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Audrey Tautou in Amélie (2001)

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posted by Truus, Bob & Jan too! alias Truus, Bob & Jan too! on Thursday 13th of January 2022 07:48:14 AM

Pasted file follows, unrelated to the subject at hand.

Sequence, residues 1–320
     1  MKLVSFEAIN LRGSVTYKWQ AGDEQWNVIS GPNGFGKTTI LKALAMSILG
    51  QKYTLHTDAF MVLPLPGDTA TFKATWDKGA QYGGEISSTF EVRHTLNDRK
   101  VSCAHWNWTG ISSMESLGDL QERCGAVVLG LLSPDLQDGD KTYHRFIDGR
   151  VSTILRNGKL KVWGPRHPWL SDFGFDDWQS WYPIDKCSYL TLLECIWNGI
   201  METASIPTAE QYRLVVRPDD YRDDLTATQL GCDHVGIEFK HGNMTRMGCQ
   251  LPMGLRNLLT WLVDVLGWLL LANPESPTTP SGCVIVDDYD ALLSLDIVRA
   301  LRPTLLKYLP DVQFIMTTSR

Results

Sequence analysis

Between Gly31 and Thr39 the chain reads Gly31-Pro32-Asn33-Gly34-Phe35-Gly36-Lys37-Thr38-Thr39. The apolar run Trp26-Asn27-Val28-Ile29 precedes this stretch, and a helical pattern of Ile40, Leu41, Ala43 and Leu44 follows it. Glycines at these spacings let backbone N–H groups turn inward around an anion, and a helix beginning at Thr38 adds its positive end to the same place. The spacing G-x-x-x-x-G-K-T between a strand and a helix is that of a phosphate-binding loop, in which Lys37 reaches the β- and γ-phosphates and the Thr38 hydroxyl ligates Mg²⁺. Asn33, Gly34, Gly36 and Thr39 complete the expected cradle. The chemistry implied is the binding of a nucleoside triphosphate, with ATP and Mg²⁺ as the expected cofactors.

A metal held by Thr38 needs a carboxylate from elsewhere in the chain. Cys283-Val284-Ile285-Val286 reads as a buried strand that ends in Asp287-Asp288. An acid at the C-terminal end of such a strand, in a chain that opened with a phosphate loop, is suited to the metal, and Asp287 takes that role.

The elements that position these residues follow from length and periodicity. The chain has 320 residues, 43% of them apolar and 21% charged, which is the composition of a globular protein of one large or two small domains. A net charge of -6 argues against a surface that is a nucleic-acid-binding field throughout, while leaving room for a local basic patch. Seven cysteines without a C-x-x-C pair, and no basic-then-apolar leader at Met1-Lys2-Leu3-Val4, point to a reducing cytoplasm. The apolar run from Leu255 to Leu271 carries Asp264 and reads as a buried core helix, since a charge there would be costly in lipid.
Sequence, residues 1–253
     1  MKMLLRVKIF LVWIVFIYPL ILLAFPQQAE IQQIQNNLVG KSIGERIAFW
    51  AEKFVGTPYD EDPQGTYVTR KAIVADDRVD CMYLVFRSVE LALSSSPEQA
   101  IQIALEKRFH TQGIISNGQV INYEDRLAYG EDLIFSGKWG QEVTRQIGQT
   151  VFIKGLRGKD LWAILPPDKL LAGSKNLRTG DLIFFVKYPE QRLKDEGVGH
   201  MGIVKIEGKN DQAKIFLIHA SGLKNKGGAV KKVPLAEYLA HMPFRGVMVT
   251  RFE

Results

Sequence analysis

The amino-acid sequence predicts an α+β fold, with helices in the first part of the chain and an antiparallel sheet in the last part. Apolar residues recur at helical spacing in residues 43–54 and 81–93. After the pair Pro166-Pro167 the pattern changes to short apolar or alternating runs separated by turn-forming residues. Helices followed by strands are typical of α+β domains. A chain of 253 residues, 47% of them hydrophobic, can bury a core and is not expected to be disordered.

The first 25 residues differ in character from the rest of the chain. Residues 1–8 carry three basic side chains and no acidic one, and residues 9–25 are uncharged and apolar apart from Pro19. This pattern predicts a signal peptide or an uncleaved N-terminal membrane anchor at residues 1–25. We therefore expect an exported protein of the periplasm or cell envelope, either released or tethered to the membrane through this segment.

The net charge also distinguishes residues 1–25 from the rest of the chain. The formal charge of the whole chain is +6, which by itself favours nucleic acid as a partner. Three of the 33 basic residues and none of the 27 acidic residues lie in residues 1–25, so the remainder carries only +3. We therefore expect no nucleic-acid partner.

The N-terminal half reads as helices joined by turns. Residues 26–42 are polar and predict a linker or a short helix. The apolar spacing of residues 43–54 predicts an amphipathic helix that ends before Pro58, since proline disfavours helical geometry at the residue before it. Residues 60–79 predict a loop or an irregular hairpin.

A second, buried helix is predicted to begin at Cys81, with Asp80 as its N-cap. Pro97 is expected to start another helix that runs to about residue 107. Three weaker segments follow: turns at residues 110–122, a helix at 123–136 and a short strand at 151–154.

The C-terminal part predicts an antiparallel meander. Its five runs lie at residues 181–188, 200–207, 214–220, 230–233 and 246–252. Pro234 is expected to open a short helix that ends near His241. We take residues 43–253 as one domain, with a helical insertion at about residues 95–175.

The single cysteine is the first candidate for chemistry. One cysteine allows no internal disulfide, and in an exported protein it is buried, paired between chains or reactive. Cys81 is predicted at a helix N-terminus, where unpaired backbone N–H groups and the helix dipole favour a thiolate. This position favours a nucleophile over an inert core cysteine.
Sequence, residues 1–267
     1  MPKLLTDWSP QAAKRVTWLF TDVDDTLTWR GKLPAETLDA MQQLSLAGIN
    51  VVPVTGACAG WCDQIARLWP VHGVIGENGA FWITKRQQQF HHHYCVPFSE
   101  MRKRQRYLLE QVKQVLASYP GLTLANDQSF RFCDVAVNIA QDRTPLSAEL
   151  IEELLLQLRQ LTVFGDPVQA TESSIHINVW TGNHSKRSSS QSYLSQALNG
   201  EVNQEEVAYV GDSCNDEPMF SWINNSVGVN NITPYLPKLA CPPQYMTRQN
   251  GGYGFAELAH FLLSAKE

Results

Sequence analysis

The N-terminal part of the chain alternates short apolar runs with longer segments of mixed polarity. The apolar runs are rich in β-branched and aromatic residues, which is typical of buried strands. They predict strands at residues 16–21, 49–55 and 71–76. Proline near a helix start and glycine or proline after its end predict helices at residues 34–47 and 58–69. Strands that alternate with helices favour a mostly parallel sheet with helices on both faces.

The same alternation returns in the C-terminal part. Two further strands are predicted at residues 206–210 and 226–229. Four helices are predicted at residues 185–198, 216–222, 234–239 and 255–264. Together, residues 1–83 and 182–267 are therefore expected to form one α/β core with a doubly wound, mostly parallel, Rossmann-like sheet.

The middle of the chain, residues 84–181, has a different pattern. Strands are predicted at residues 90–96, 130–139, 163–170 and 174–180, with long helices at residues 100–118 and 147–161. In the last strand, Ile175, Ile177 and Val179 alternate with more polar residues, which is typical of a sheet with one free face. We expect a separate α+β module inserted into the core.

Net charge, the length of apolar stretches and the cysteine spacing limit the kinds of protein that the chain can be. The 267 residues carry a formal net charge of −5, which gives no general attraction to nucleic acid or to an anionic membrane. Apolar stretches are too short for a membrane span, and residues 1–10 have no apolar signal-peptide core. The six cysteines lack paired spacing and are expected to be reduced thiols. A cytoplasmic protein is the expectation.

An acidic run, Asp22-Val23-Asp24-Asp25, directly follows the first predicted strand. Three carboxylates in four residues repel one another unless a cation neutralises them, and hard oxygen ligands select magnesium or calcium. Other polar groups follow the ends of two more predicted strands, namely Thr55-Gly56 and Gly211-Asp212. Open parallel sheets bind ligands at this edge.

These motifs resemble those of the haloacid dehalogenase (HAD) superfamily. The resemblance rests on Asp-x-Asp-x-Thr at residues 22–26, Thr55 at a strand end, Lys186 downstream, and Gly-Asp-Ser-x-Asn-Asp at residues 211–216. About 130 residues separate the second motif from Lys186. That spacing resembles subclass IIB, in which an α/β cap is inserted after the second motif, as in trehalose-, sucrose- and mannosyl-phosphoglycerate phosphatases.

Australian postcard by AvantCard, no. 6149, Postcard 3 in a series of 6. Photo: Dendy. Audrey Tatou in Le fabuleux destin d'Amélie Poulain/Amelie (Jean-Pierre Jeunet, 2001). Caption: Amelie lives in Paris and in a world of her own. Some Fridays, Amelie goes to the movies. She likes looking back at people's faces in the dark. Amelie notices the shy people always laugh the loudest. Le Fabuleux Destin d'Amélie Poulain (2001) is a French romantic comedy film directed by Jean-Pierre Jeunet and starring Audrey Tautou. The film, written by Jeunet and Guillaume Laurant, is a romanticised portrayal of life in Montmartre, Paris. The film became an international box-office hit and was awarded four Césars internationally (including for best film and best director) and received five Academy Award nominations. The music was composed by Yann Tiersen. The film describes the fairy-tale-like and romantic story of the young woman Amélie Poulain who decides one day that she can make other people happy with little things. Amélie grows up isolated from other children because she is thought to suffer from a heart condition. Her father, a doctor, never touches her, so that her heartbeat rises with enthusiasm when he does during the examination. Amélie's mother, who is very neurotic, dies when Amélie is still a child because a Canadian woman who jumps off Notre Dame falls on top of her. Amélie's father shuts himself off even more from the world and starts building a mausoleum for his dead wife. Because she is always on her own, Amélie develops a very rich imagination. When Amélie is older, she becomes a waitress in the Café des 2 Moulins, a small café in the Montmartre district of Paris. The owner is Suzanne, a former circus performer, and the guests are colourful. Amélie, who is 23 at the time, leads a simple life. She takes pleasure in simple things like breaking the sugar coating on crème brûlée, throwing pebbles on the Canal Saint-Martin and fantasising about how many couples in Paris are having an orgasm at that moment. Her life changes on the day of Princess Diana's death. Through a series of events that follow her shock at the news, she discovers a small metal box behind a skirting board in her bathroom. Inside this box are memories of a boy who lived in the flat decades before Amélie. Fascinated by this, she goes in search of this now grown-up person to give him back the box. She makes an agreement with herself that if she succeeds and the person is happy, she will dedicate her life to the good things in life and helping others. Jean-Pierre Jeunet began jotting down ideas and memories in 1974, which form the basis of Le fabuleux destin d'Amélie Poulain (2001). The profits from Alien: Resurrection (Jean-Pierre Jeunet, 1997) enabled him to make a film without making commercial concessions. In Le fabuleux destin d'Amélie Poulain (2001), Jeunet reintroduces elements from the short film Foutaises (1990), especially the "il aime/il n'aime pas" (he likes/he doesn't like) fragments in the presentation of the characters. The almost constant presence of the colour combination of strong red and strong green that could already be seen in La cité des enfants perdus/The City of the Lost Children (Jean-Pierre Jeunet, Marc Caro, 1995) returns in this film. Jeunet says in the DVD's commentary track that the idea of the album of discarded pictures came from the French writer Michel Folco, who owns such an album. Because of intellectual property rights, Jeunet could not use this album, so he had to work with extras. The film uses computer graphics and digital post-production (digital intermediate). Jeunet had actually written the role of Amélie for Emily Watson. In the original script, Amélie's father was an Englishman living in London. However, Emily Watson's French was not good enough and there was a time conflict due to the filming of Gosford Park (Robert Altman, 2001). Jeunet, therefore, rewrote the script for French actress Audrey Tautou. Filming took place at the Café des 2 Moulins in Paris, at the Gare du Nord station, outside at the Gare de l'Est and at the Sacré-Cœur church. Since the film was financially supported by the Filmstiftung NRW, the interior shots of the film were shot at the MMC Studio Coloneum in Cologne. The German painter Michael Sowa contributed some bizarre interior details. He created the pig lamp as well as some of the paintings in Amélie's room, which can be seen in the background. For the TV sequence that suddenly refers to Amélie's life in the subtitles ("Raymond Dufayel's attempt to interfere is unacceptable. If Amélie prefers to live in her dream world and remain an introverted young woman, that is her right. Because the right to a failed life is inviolable!"), a sequence from the second part of the four-part Soviet film epic Blockade (1974) about the siege of Leningrad in the Second World War was used. A recurring theme of Georges Delerue's film music for François Truffaut's film Jules te Jim/Jules and Jim (1962) is varied several times by Yann Tiersen in his soundtrack for Amelie as the main theme. At the 2002 Césars, Le fabuleux destin d'Amélie Poulain won Best Film, Best Director, Best Score and Best Production Design. It was also nominated in nine other categories, including Best Original Screenplay and Audrey Tautou for Best Actress in a Leading Role. At the 2001 European Film Awards, the film won in four categories: Best European Film, Best Director, Best Cinematography, and the Jameson Audience Award for Best Director. Audrey Tautou was also nominated for Best Actress. The film was nominated for an Oscar in 2002 in the five categories Best Production Design, Best Cinematography, Best Foreign Language Film, Best Original Screenplay, and Best Sound, but did not prevail in any of the categories. The film received good reviews both in France and internationally. The film did not enter the official competition at the 2001 Cannes International Film Festival, as Gilles Jacob, who was responsible for the film selection, said he found it "uninteresting". This caused a major public debate, as the rejection was interpreted in many places as a contradiction to the great media interest in the film and as a decision "against the audience". Jean-Pierre Jeunet reacted to the rejection by bringing forward the film's theatrical release; "Amélie" now ran parallel to the ongoing festival. Le fabuleux destin d'Amélie Poulain (2001) grossed 140 million US dollars worldwide, 33 million of which in the USA. Sources: Wikipedia (Dutch and German), and IMDb. And, please check out our blog European Film Star Postcards.